February is when we get our first glimpse of spring in San Antonio! If you pay attention, you’ll notice lots of changes happening outdoors. The temperatures are getting warmer, birds are singing more, and the Live Oak trees are dropping their leaves. I always found that strange when we first moved here from Chicago—leaves falling from the trees in February instead of fall!
One thing I love about San Antonio is that our spring blooms come early. Some of my favorite Texas native plants are already blooming. Have you spotted some of these? Perhaps you have some in your yard!
1) Texas Mountain Laurel trees
How can you not love a tree whose nickname is the Grape Kool-Aid tree? You may smell the intoxicating scent of these trees in bloom before you see them. I can’t tell you how happy it made me when I spotted the first Texas Mountain Laurel to bloom in my neighborhood last week.
The blooms are fleeting, only lasting a few weeks, so go out and hunt them down if you haven’t had a chance to see (and smell) them yet! You can also find this pretty evergreen tree for purchase at local nurseries if you want to add one to your yard to enjoy each year. Learn more about Texas Mountain Laurel.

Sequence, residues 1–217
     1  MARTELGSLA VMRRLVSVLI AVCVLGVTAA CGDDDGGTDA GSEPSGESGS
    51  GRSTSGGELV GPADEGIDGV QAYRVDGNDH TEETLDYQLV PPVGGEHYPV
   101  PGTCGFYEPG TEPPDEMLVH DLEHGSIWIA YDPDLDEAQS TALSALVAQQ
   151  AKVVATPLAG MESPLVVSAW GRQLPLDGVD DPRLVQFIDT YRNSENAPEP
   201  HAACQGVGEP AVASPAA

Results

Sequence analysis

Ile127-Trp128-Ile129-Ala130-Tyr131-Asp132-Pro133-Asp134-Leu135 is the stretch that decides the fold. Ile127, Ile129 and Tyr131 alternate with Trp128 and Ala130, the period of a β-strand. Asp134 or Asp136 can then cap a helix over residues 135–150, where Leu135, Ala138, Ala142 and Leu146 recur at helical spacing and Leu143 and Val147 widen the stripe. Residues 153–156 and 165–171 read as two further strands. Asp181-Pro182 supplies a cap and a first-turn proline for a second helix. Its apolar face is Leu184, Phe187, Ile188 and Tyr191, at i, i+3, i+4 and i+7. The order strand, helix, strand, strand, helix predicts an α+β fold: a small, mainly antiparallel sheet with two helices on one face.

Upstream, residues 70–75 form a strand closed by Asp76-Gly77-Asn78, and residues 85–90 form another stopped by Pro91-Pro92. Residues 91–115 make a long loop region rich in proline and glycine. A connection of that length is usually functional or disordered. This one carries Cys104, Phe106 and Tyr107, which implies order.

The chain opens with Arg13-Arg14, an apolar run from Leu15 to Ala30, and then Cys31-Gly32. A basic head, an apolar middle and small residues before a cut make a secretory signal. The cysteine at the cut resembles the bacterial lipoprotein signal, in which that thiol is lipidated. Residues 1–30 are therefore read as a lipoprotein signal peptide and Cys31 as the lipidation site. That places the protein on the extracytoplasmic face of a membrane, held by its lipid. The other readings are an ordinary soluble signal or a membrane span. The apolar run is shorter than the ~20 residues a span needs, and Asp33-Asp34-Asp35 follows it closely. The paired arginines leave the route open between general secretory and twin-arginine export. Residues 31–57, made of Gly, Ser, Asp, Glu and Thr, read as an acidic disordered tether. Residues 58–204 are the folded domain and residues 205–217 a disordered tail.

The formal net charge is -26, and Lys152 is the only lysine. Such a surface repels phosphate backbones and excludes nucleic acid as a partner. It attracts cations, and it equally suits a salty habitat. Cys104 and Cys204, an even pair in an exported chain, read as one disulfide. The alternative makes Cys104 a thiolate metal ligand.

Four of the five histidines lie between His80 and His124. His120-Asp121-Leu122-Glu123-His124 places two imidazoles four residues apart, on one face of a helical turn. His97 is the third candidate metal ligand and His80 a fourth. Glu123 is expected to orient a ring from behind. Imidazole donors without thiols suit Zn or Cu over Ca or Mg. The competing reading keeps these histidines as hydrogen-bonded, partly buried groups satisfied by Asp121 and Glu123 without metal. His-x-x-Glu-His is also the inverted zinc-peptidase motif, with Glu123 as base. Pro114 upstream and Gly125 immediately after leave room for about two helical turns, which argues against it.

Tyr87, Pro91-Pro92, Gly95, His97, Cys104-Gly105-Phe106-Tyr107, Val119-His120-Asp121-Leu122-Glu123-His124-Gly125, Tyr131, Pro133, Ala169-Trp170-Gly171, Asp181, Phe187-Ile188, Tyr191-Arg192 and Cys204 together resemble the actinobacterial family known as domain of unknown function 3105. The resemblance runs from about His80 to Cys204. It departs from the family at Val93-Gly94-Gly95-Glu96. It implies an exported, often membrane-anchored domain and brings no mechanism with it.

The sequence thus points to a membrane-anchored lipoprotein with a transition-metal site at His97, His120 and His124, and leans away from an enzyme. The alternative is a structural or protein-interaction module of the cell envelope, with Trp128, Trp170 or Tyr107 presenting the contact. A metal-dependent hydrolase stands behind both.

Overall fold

2) Texas Redbud trees
This tree is hard to miss. It is a bright fuchsia purple when in bloom! It is so striking because the blooms cover its bare branches. While Texas Redbud typically starts blooming in March, I have already spotted some blooming in February.
There is a Texas Redbud located at the front of our neighborhood, and another outside a Starbucks down the road. I’m always on the lookout for these trees starting this month! Learn more about Texas Redbud tree.
3) Agarita shrubs
This evergreen Texas native shrub may be best known for its pokey leaves. However, it is covered with pretty yellow blooms in February, which attract lots of bees. Agarita is an important late winter nectar source for pollinators when very few other plants are blooming.
In nature, Agarita can often be found growing along the edge of a forested area. To spot it, take a walk on the trails of Phil Hardberger Park, or head to the San Antonio Botanical Garden to see it growing in the Family Adventure Garden or along the South Texas trail!
Its yellow blossoms are followed by bright red berries in summer which are devoured by birds. Agarita is an awesome wildlife plant to add to your yard.
4) Texas wildflowers
It may be too early to see Texas Bluebonnets, but other Texas wildflowers are starting to emerge! I spotted some purple Prairie Verbena blooming at Hardberger Park yesterday. This tends to be one of the first Texas wildflowers to bloom. Here are 10 Texas Wildflowers to watch for and to try growing in your yard!
Spot a wildflower and aren’t sure what it is? Take a photo and upload it to the iNaturalist or Seek app to identify it. Keep your eyes open while walking on the trails to see lots of wildflowers blooming over the next month!